Glide Avalanches are the release of the entire snow cover as a result of gliding over the ground. Glide avalanches can be composed of wet, moist, or almost entirely dry snow. They typically occur in very specific paths, where the slope is steep enough and the ground surface is relatively smooth. They are often proceeded by full depth cracks (glide cracks), though the time between the appearance of a crack and an avalanche can vary between seconds and months. Glide avalanches are unlikely to be triggered by a person, are nearly impossible to forecast, and thus pose a hazard that is extremely difficult to manage.
More info at Avalanche.org

Rain will continue to weaken the snowpack where existing glide cracks litter the mid elevation zones. Over the last two days a handful of glide avalanches have occurred in steep terrain and it is likely more will release today. Glides threaten a lot of well-travelled terrain on both the motorized and non-motorized side of the highway. This concern is listed in the ‘Additional’, but is side by side with all of the above avalanche problems for today. Today is not a good day to play in the mountains.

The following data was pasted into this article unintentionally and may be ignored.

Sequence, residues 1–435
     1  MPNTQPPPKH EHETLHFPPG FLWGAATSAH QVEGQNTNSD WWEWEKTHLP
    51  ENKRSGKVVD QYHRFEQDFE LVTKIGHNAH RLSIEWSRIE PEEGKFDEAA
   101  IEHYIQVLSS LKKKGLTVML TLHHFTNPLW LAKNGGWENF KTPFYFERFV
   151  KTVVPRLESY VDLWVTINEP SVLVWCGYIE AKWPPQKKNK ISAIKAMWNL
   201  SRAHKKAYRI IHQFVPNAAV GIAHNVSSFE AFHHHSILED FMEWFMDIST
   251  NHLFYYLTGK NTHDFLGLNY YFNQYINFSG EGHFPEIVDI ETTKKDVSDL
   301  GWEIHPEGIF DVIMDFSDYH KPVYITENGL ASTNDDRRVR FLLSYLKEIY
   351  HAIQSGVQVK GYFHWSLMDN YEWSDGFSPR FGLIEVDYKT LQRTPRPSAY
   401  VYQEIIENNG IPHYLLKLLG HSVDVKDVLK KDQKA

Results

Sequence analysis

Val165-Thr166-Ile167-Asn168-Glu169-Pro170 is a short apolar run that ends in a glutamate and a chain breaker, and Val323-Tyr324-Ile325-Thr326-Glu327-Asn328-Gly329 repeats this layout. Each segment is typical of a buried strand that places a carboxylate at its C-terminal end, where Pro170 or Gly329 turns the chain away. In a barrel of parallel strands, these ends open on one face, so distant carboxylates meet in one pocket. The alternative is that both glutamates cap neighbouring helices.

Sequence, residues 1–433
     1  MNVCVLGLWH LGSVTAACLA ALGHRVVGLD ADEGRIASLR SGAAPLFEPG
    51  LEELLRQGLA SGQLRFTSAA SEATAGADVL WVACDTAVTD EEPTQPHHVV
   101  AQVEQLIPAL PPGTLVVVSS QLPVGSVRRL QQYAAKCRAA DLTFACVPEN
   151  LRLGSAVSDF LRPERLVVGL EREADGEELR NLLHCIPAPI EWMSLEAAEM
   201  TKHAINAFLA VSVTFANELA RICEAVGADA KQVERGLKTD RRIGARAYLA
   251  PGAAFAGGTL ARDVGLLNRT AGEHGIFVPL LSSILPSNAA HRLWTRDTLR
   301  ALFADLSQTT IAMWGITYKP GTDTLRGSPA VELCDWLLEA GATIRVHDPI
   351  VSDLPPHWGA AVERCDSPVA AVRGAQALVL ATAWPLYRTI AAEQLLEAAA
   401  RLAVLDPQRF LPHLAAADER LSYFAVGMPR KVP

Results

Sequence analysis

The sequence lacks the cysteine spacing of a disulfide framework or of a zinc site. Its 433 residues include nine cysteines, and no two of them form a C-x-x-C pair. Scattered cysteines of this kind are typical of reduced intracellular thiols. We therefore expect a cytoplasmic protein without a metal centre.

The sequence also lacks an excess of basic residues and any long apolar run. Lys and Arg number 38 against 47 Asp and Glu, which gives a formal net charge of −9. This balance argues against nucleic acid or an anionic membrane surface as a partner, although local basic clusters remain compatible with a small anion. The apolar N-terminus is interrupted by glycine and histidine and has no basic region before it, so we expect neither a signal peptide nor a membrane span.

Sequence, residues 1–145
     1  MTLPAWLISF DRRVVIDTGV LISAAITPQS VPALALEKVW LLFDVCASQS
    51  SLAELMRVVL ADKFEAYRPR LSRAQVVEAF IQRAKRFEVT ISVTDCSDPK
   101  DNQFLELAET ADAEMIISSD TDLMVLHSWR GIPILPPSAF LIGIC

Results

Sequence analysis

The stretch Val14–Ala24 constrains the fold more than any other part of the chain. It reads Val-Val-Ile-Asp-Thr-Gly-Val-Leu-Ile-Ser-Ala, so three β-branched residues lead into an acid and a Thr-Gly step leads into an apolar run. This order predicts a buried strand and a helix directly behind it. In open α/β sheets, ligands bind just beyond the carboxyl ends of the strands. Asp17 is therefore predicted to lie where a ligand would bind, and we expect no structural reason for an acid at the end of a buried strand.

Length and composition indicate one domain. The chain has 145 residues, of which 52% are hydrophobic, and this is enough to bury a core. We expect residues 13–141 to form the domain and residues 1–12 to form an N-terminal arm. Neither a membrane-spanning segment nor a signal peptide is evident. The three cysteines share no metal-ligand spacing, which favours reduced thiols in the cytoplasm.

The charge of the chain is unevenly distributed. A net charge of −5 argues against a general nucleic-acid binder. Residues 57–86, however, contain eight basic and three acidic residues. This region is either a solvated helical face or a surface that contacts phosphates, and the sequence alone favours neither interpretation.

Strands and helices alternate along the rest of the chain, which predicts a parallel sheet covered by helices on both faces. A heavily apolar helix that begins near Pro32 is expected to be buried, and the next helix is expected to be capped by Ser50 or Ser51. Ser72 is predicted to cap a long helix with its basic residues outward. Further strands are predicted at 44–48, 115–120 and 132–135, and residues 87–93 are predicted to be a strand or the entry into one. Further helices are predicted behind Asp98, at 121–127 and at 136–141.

Recent glide release on the N side of Eddies, seen from the Seward Hwy yesterday. Click HERE to see more glide observations from the last three days.

Weather
Sun, February 28th, 2016

Overnight 1.8 € of water fell at Center Ridge weather station (1800′) where temperatures remained just cool enough for snow (~18 €.) Easterly winds averaged in the 30’s mph with a gust to 73 mph on Sunburst. Overnight temperatures cooled briefly along Turnagain Pass (1000′) for a short period of wet snow, but temps have already increased to 34F this morning.

Today 1 € of water is expected to fall in the form of rain below 1600′ and 12 € of new snow in the alpine. Warm temperatures could push rain/snow line as high as 1900′. Strong NE winds 30-40mph hour are anticipated along ridgetops. Intensity is expected to lessen by late afternoon, early evening.

Tomorrow showery conditions will persist in the form of rain and snow with the first hope of a break in precipitation Monday evening.  

PRECIPITATION 24-hour data (6am – 6am)

  Temp Avg (F) Snow (in) Water (in) Snow Depth (in)
Center Ridge (1880′) 32   18   1.8   156  
Summit Lake (1400′) 34   0   0.3   41  
Alyeska Mid (1700′) 33   3   0.68   106  

RIDGETOP 24-hour data (6am – 6am)

  Temp Avg (F) Wind Dir Wind Avg (mph) Wind Gust (mph)
Sunburst (3812′) 25   ENE   31   73  
Seattle Ridge (2400′) 27   n/a   n/a     n/a    
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This is a general backcountry avalanche advisory issued for Turnagain Arm with Turnagain Pass as the core advisory area. This advisory does not apply to highways, railroads or operating ski areas.